His vision is important for two main reasons.

First and foremost, it makes television advertising relevant again. For example, CNN historically runs advertisements focused on Baby Boomers because this generation comprises the majority of their viewership. Young professionals watching the news while getting ready for work yawn through advertisements for retirement planning, bladder control medication, and 55+ residential communities. The network’s blanket approach to advertising makes it easy for one of the most valuable, growing sources of disposable income in the market to simply tune out. OpenAP makes it possible to tailor these ads so Baby Boomers still enjoy relevant content, without alienating new or emerging demographics. Targeted content for targeted segments finally makes television advertising relevant for the individual, not the majority.

Second, because networks can merge their own data with shared data and link to other measurement tools, television ads will be measurable in a new and important way. Because advertisers previously had to rely on the “spray and pray” model when exposing content on television, it was hard to quantify how effective an advertisement really was because only a fraction of viewers might actually represent qualified leads. By limiting exposure and tracking performance, planning and measurement will naturally improve.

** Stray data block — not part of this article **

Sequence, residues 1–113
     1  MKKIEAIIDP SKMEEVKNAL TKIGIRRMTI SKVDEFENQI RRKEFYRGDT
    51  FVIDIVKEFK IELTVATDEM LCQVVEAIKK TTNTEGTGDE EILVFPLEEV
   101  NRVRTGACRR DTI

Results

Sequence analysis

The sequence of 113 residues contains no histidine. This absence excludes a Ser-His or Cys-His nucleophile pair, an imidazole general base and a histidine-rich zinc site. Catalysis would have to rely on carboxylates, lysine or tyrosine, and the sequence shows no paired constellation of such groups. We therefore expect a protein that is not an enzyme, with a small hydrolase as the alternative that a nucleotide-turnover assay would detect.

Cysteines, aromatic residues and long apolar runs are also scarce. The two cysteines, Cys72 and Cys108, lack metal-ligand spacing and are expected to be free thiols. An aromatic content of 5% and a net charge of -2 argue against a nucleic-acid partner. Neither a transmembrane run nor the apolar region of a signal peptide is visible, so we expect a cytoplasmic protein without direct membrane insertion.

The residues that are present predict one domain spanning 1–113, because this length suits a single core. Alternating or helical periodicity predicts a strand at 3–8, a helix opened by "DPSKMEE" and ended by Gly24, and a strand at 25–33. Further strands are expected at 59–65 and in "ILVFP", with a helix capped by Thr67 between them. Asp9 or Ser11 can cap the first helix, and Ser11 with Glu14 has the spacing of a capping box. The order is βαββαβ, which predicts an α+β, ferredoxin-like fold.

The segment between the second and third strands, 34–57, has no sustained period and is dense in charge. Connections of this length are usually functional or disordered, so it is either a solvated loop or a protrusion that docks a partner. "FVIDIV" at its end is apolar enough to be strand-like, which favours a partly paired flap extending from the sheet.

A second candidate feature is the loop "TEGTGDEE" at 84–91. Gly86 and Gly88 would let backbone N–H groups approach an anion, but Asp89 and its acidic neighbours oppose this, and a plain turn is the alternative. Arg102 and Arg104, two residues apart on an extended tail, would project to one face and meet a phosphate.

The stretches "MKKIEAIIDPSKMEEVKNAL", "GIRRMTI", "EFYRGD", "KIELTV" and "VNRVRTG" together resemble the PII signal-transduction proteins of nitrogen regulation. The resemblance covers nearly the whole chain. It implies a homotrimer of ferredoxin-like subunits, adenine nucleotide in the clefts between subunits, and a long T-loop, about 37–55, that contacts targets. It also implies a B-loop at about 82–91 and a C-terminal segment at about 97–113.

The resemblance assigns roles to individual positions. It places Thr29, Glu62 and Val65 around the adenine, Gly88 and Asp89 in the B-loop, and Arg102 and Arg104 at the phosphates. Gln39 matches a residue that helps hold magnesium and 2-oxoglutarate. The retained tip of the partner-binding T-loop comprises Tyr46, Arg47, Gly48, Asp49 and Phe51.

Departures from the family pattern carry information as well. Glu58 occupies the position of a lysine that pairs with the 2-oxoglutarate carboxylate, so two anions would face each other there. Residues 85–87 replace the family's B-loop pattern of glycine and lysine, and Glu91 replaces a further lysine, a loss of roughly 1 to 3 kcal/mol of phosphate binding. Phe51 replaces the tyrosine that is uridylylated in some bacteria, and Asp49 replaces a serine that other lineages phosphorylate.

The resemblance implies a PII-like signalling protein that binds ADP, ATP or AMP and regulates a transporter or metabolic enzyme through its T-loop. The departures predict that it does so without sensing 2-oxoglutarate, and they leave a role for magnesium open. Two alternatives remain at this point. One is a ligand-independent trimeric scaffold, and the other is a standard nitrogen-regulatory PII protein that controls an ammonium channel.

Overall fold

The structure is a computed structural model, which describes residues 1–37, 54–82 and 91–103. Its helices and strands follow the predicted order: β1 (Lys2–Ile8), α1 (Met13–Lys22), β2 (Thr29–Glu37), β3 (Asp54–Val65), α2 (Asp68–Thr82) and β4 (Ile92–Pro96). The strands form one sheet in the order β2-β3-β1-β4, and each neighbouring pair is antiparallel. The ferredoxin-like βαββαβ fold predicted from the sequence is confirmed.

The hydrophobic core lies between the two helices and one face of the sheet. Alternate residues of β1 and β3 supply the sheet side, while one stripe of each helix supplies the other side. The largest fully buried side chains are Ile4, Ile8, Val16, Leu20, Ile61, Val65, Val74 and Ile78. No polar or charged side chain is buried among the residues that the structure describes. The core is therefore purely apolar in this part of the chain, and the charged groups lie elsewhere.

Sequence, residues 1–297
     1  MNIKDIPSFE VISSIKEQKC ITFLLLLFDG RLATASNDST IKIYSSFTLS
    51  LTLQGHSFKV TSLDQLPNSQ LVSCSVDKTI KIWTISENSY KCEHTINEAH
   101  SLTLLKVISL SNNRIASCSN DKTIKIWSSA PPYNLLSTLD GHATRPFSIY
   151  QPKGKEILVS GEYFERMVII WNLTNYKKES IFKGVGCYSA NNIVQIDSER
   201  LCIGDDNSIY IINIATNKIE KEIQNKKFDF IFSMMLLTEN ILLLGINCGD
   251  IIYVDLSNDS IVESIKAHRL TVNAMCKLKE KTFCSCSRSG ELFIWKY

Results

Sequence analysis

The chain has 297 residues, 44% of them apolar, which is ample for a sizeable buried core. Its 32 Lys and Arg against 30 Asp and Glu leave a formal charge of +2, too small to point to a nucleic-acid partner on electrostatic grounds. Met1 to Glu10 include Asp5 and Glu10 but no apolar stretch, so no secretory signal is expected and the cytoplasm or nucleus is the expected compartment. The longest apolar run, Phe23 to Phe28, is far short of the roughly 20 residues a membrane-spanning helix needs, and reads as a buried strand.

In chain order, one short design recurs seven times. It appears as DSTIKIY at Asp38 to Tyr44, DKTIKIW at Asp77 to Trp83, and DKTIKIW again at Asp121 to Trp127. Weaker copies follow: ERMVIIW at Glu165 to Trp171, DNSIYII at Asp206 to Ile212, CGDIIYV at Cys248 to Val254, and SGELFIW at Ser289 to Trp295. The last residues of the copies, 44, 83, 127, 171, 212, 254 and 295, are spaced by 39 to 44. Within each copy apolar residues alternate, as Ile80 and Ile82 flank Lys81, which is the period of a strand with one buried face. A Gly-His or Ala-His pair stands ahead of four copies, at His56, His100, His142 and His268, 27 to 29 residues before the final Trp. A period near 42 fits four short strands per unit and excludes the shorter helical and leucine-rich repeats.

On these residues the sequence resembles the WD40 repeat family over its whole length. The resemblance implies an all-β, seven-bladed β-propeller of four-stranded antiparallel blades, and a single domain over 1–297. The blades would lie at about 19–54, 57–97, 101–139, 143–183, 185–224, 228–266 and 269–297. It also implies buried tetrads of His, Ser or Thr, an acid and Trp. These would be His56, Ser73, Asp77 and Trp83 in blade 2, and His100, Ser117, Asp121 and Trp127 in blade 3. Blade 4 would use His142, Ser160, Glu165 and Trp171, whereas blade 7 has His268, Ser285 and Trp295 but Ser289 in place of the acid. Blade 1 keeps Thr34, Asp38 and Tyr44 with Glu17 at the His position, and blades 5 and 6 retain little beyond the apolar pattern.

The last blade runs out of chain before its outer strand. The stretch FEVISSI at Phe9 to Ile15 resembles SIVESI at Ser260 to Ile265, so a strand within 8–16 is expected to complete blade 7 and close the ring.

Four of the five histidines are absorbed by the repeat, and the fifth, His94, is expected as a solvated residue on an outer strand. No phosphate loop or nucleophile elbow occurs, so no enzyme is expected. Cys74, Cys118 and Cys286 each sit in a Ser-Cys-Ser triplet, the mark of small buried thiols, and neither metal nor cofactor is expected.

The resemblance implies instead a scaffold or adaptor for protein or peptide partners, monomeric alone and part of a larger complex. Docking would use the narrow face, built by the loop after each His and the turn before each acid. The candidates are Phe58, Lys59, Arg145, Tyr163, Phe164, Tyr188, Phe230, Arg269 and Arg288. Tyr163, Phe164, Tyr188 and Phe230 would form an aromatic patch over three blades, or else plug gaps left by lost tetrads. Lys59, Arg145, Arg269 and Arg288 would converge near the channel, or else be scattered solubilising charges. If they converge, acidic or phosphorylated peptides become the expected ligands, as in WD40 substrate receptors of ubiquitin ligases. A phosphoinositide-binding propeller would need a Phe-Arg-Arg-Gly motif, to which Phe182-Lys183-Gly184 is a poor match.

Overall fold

This is one of the first exciting breakthroughs the television ad space has seen in years, and it perfectly complements our belief that the future of customer-centric marketing hinges on a robust and choiceful cross-channel marketing approach. We’re excited to see TV getting back in the game and are here to help you craft your first segmented, trackable television ad. Get in touch with our media and strategy teams to learn more!

Why people live to eat (and are getting rewarded for it)